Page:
(a thrill of) hope for the hurting
In the course of the past week, I both attended a memorial for a family member who passed away and held for the first time the newborn baby girl of one of my very best friends.
I have close friends experiencing the happiest times of their lives while others are walking through the hardest, wondering when they'll see light at the end of the tunnel. Some afraid to hope, because that might mean experiencing heartbreak once again.
Isn't that one of the bittersweet realities of life? The fact that moments of deep suffering and utter joy coexist simultaneously?
Today holds a few more hours of Christmas Eve and then tomorrow we celebrate the event in which all of the waiting represented in the 25 days of advent finds its fulfillment: the birth of the greatest newborn.
Tomorrow morning, the pitter patter of little feet will hasten to thuds as children everywhere go racing down hallways, beckoning tired parents to wake long before they'd like so the merriment of the morning can begin.
Or, if the "kids" are older, the roles may be reversed. At my house, my brother and I will likely sleep in until my parents decide they'd better wake us so we don't miss Christmas dinner (only a slight exaggeration).
Gifts will be opened, giggles will be shared, and cozy PJ's will be snuggled up in, curled up on the couch beside the Yule log.
But beyond all the bells, baking, and bows lies the true meaning of it all: a Baby, born in the town of Bethlehem. The Thrill of Hope who entered a weary world over 2,000 years ago.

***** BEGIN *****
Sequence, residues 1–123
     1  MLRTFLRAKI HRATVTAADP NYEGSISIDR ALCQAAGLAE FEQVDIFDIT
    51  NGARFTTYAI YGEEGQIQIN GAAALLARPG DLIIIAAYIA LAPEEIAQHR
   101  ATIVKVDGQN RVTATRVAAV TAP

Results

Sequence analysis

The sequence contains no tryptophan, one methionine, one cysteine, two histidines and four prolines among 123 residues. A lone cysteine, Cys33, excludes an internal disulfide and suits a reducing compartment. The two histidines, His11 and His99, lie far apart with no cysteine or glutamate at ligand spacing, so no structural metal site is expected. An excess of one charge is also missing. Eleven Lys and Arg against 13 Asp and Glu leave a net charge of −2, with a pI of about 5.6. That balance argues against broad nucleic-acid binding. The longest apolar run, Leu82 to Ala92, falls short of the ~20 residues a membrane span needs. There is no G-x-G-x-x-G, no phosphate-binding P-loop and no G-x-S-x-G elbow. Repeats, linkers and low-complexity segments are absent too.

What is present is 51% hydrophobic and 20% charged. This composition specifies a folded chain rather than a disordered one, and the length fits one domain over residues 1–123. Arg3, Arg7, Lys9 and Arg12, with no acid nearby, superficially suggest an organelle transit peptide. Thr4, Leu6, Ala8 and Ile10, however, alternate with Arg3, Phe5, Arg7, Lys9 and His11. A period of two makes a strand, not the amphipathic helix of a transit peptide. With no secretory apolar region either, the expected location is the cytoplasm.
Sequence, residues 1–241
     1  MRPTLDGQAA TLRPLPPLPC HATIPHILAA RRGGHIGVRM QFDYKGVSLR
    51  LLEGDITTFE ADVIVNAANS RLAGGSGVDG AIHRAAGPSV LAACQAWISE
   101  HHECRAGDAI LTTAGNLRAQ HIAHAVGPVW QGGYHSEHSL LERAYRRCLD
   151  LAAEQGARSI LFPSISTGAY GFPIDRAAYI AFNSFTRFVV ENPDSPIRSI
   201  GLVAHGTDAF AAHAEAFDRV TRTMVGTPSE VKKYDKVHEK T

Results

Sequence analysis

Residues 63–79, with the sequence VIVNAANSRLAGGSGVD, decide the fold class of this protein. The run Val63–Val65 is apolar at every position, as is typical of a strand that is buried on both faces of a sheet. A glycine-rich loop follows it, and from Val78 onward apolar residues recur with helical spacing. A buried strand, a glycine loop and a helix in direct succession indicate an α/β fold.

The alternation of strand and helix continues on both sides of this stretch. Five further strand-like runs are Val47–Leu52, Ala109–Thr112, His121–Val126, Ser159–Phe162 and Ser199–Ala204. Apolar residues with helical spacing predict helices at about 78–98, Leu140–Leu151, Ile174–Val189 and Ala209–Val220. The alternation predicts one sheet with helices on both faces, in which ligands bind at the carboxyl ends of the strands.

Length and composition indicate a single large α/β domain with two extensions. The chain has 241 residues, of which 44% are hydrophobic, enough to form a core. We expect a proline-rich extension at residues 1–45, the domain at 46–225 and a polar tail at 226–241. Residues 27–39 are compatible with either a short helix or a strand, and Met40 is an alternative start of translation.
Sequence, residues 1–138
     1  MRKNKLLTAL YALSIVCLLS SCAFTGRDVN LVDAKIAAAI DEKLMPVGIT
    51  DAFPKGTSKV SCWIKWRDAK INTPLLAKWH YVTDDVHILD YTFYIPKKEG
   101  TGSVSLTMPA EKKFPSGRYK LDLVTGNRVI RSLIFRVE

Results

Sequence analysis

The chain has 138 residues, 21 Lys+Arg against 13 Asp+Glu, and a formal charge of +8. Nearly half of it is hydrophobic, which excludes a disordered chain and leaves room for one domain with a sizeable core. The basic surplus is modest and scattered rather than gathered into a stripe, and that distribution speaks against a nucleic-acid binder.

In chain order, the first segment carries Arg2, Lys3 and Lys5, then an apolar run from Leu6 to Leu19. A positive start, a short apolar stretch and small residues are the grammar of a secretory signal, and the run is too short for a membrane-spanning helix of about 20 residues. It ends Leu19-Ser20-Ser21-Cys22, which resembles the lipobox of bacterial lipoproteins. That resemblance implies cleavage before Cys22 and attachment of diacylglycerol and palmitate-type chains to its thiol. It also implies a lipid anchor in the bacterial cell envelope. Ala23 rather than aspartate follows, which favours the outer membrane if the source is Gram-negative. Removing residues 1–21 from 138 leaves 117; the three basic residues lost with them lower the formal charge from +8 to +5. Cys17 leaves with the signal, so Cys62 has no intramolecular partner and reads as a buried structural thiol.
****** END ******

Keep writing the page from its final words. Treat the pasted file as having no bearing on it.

The joy of this season is easy to recognize, but what's easy to miss is its context of pain and suffering.
For hundreds of years before Jesus was born, God's people lived in exile, enslaved. They lacked belonging and peace, and they were intimately acquainted with the pain of unmet desire. They'd been promised a coming Messiah who would bring freedom and restoration, but many generations lived and died without tasting the fruit of that promise.
The idea of advent sounds wonderful, full of anticipation. But it represents a period of waiting. And the very existence of waiting means that the Israelites lived without that which they longed for most desperately. Considering the gap between the promise and its fulfillment, they must have wondered when God would come through, or even, if He would at all. And I'm sure they didn't expect His deliverance of that promise to come in the form of a baby.
Maybe, like some of my friends, this season for you is full of immense joy. That should be celebrated.
Or maybe it's full of waiting. Waiting for some end in sight to the suffering, waiting for healing, waiting for God to fulfill His promises to you.
Waiting often involves yearning deeply for something, but it being completely out of your control. Waiting hurts.
Maybe like mine, your life is woven with both: joyful things to be thankful for, exciting opportunities ahead, and the best friends and family. But also waiting. For growth and restoration in certain areas. For the fulfillment of His promises. For desires to be met.
That's the tension of this world we live in, here between the first and second comings of Jesus. Joy and peace exist but so do pain and suffering. So we rejoice with those who rejoice and grieve with those who grieve. And in the midst of both, we must hope.
Recently at church, the speaker shared a story during her sermon about a surprise birthday party she had thrown for her husband on his 30th. They’d been living in a small apartment in San Francisco, so friends had graciously opened up their slightly larger space.